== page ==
In 1926 she poured her savings into the Civic Repertory Theatre, where she performed the almost unbelievable feat of functioning as leading actor, director and producer. She introduced American audiences to Chekhov and Ibsen; was the Camille, Juliet, Masha and Hedda of her generation; and the first Peter Pan to fly out over the audience. With the Civic, Le Gallienne laid the groundwork for Off-Broadway and the regional theatre movement and proved that a subsidized, nonprofit repertory theatre playing at low prices could flourish.
In a career that spanned the century, she founded and supported noncommercial theatre companies, yet she maintained her status as a Broadway star. She delighted Broadway and national audiences with her portrayal of theatre matriarch Fanny Cavendish in The Royal Family, and at 83 she flew back onto the Broadway stage as the White Queen in her own production of Alice in Wonderland. In 1986 she received the National Medal of Arts from President Reagan.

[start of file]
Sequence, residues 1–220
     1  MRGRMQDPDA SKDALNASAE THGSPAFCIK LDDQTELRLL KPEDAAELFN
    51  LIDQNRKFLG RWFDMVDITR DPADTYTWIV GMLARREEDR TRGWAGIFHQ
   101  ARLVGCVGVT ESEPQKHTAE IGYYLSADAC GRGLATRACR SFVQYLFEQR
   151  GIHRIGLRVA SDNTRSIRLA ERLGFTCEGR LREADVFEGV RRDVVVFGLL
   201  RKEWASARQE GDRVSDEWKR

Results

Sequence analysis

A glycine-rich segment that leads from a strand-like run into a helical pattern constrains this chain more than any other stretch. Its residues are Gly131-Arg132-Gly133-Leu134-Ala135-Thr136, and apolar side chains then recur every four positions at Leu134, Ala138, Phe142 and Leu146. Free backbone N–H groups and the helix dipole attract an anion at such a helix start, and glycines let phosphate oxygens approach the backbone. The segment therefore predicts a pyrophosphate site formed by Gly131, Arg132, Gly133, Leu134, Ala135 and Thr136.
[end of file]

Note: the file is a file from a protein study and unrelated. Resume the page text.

Inspired and encouraged by Eleonora Duse, the first modern actor, Le Gallienne discovered and helped many actors, but "you can’t teach acting," she often said to them, except by "hand to hand. Many years ago, Duse took my hand. And now I’ve taken your hand and now you are taking the hand of others." Le Gallienne handed on her legacy to many theatre artists, including Burgess Meredith, Uta Hagen, Earle Hyman, Eli Wallach, Efrem Zimbalist, Jr., Peter Falk, Mariette Hartley, Ellis Rabb, Rosemary Harris, Joseph Maher, Mary Louise Wilson, Roberta Maxwell, Jane Alexander, Maria Tucci and Ellen Burstyn.
Le Gallienne, who died on June 3, 1991, called acting "writing on water," but her indelible legacy remains. Her pioneering work helped shape the 20th century American theatre. It’s tempting to wonder who, born in 1999, might do the same for the 21st century.
-- Helen Sheehy